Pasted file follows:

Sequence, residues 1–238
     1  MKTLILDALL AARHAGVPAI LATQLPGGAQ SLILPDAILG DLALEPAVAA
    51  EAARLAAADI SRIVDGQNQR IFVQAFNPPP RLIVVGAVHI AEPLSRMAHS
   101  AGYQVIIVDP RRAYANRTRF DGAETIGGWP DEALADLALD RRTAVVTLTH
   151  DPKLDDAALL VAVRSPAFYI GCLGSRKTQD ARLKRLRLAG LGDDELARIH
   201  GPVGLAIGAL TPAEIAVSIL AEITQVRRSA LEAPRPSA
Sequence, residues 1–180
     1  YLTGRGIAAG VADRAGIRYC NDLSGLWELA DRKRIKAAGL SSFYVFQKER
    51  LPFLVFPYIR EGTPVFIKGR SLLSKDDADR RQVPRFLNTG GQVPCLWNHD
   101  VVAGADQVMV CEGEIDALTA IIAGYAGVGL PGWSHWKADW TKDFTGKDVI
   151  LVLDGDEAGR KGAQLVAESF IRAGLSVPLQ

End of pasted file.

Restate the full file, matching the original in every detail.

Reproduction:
Sequence, residues 1–238
     1  MKTLILDALL AARHAGVPAI LATQLPGGAQ SLILPDAILG DLALEPAVAA
    51  EAARLAAADI SRIVDGQNQR IFVQAFNPPP RLIVVGAVHI AEPLSRMAHS
   101  AGYQVIIVDP RRAYANRTRF DGAETIGGWP DEALADLALD RRTAVVTLTH
   151  DPKLDDAALL VAVRSPAFYI GCLGSRKTQD ARLKRLRLAG LGDDELARIH
   201  GPVGLAIGAL TPAEIAVSIL AEITQVRRSA LEAPRPSA
Sequence, residues 1–180
     1  YLTGRGIAAG VADRAGIRYC NDLSGLWELA DRKRIKAAGL SSFYVFQKER
    51  LPFLVFPYIR EGTPVFIKGR SLLSKDDADR RQVPRFLNTG GQVPCLWNHD
   101  VVAGADQVMV CEGEIDALTA IIAGYAGVGL PGWSHWKADW TKDFTGKDVI
   151  LVLDGDEAGR KGAQLVAESF IRAGLSVPLQ